Randall: Oh yeah.
Aubrey: Just because things are really expensive. I was actually playing the Spider-Man game on the PlayStation, and one of the collectibles you get is a medical bill of his and it’s like blah, blah, blah. Surgery $2,000. I’m like, Yeah, that’s not true. There’s no way that surgery cost $2,000.
Randall: That seems so cheap.
Aubrey: No, like I was in a car accident and, uh, the bills are upwards of $10,000. Like, it’s ridiculous. Um, thankfully, I have insurance, so I’m gonna be okay, but it’s definitely a big stressor in people’s lives here in the United States.
Randall: Yeah. So school can be a stressor, work can be a stressor, medical bills can be a stressor. What about the idea of just, uh, managing finances overall?
Aubrey: Oh, yeah. And it really depends. Like finances. That’s a hard one because it’s not a math problem. It’s more of a people behavior problem. Right?
Aubrey: And sometimes you end up in this cycle where it’s like, Oh no, I have no money, I’m stressed out, I better spend some money to make myself feel better.
Aubrey: And then you’re more stressed out.
Randall: And that actually leads into the last thought on this. What are some healthy ways of managing stress? Again, going back to some of the things we talked about with the medical bills or school or work or, uh, relationships, what are some healthy ways, uh, whether it be exercise or other, that could help eliminate or at least reduce stress?
Aubrey: Yeah. So and then this is a good question too, like with the person who needs to manage stress, like do they have an underlying anxiety disorder is something to think about.
Randall: Good point.
Aubrey: Because the answer is gonna be different because, you know, if you do have an anxiety disorder, you’re gonna process things differently than you know someone who doesn’t. Um, but if we’re just talking in generalizations, I mean, meditation can be good for some people, um, deep breathing, you know, just taking a minute to center yourself, definitely take your days off. Like if you get paid, paid time off, you need to use it, right? Your company might not like that, but that’s too bad for them.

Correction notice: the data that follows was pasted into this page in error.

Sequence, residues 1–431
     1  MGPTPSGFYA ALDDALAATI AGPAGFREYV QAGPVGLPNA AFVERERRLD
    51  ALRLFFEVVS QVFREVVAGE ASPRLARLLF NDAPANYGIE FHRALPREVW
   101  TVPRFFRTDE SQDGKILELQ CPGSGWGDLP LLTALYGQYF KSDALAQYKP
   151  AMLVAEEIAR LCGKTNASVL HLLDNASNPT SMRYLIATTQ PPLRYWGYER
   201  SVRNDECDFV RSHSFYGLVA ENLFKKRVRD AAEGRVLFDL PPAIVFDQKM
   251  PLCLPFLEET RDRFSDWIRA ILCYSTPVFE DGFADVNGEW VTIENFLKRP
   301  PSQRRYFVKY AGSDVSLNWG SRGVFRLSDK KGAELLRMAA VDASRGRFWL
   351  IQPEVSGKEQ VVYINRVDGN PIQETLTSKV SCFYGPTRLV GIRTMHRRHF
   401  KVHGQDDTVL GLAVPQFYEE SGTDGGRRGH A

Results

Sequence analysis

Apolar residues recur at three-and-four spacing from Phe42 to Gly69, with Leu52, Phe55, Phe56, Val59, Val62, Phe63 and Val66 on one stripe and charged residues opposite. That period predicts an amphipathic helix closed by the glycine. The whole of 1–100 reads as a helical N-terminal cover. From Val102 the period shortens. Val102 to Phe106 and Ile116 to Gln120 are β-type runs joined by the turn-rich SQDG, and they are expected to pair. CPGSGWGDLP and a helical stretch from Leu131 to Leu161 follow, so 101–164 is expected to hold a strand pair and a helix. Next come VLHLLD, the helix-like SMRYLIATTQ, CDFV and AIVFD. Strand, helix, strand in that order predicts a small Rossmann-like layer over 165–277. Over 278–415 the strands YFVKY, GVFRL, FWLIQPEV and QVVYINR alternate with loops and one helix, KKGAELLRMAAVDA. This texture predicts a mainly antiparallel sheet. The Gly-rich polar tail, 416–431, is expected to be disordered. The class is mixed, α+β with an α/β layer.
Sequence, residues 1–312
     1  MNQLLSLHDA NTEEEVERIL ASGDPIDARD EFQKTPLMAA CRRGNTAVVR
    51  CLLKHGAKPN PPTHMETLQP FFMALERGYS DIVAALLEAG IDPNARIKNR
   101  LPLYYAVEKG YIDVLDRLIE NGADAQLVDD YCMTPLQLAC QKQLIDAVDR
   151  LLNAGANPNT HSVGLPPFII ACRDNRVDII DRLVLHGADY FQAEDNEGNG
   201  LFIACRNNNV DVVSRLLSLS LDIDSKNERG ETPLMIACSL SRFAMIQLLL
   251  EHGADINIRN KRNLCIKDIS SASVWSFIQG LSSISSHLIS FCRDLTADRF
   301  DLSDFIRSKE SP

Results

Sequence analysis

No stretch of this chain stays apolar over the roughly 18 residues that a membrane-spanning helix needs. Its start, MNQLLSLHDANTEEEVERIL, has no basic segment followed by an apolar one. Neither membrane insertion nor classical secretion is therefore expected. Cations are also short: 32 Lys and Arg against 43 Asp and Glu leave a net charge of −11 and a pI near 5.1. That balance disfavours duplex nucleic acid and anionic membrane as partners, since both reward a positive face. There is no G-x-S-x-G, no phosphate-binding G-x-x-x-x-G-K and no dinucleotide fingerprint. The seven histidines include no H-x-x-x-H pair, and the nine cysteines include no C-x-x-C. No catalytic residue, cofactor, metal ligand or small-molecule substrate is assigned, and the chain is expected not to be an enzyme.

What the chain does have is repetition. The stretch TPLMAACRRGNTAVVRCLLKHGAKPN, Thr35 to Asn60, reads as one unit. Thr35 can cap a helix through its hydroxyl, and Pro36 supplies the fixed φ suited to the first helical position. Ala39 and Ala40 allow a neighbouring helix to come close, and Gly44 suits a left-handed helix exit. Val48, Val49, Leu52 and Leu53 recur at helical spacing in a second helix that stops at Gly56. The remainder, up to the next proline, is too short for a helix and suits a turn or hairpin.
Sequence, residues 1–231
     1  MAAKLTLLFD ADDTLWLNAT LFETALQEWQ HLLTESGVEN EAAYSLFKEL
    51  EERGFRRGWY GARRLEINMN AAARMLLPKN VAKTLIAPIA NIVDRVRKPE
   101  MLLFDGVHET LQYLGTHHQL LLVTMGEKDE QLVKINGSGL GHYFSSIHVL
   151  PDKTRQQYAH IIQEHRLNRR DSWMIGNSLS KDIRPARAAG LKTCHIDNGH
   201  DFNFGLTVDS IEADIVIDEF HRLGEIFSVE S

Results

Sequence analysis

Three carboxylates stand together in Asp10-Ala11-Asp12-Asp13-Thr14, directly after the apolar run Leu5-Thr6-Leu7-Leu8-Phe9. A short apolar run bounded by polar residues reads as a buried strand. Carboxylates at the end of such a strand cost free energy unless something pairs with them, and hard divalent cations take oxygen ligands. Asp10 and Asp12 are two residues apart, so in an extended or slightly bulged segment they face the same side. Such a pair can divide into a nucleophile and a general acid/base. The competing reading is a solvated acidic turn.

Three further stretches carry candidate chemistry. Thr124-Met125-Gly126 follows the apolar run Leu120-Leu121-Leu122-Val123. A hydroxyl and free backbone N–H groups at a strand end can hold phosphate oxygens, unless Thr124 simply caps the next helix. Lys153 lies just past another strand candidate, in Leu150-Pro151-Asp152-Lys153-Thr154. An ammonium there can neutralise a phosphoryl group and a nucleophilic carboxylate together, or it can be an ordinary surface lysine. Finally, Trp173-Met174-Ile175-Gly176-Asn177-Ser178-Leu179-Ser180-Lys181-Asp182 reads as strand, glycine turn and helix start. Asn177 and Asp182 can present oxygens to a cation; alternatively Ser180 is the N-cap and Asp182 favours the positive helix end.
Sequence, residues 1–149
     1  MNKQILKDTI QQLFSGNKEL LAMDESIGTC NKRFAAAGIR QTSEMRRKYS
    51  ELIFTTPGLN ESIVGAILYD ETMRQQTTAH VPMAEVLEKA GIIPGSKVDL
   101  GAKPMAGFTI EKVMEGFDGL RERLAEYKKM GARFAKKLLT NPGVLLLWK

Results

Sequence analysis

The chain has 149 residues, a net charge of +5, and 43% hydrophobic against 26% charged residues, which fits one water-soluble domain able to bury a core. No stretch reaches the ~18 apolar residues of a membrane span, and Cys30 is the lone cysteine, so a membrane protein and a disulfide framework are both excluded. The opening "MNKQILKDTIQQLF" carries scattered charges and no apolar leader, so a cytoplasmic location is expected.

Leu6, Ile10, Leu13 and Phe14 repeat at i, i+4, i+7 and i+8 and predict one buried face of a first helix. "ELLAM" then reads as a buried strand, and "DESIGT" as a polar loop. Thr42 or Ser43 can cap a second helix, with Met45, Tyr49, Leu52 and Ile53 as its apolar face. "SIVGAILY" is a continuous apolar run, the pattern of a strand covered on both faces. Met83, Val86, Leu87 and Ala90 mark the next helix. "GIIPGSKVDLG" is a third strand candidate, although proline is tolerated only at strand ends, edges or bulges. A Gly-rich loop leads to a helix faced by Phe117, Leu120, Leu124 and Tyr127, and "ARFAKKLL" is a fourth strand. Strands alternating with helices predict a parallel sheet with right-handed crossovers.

Randall: And you really, in those particular cases, need to force yourself to do it. You probably earned it. And so take it because it’s kind of like use it or lose it. And sometimes you might end up losing your mind because you haven’t been practicing enough self-care.
Randall: All right. Well, thank you for sharing some thoughts on managing stress in our lives.
- What are some examples of stressors mentioned in the interview?
- According to Aubrey, why is stress sometimes beneficial?
- What are some healthy ways to manage stress mentioned in the interview?
- Why is it important to take time off and practice self-care?
- How does Aubrey describe the relationship between stress and motivation?
- In what ways can financial issues contribute to stress? Explain with examples.
- Discuss the impact of work culture and societal norms on stress levels, as mentioned in the interview.
- Evaluate the statement: “Finances are not solely a math problem, but a people behavior problem.” Do you agree or disagree? Provide reasons to support your stance.
- Analyze the potential consequences of prolonged stress and the importance of managing it effectively.
- Reflect on the relationship between stress and physical health. How does engaging in regular exercise contribute to stress reduction, according to the interview?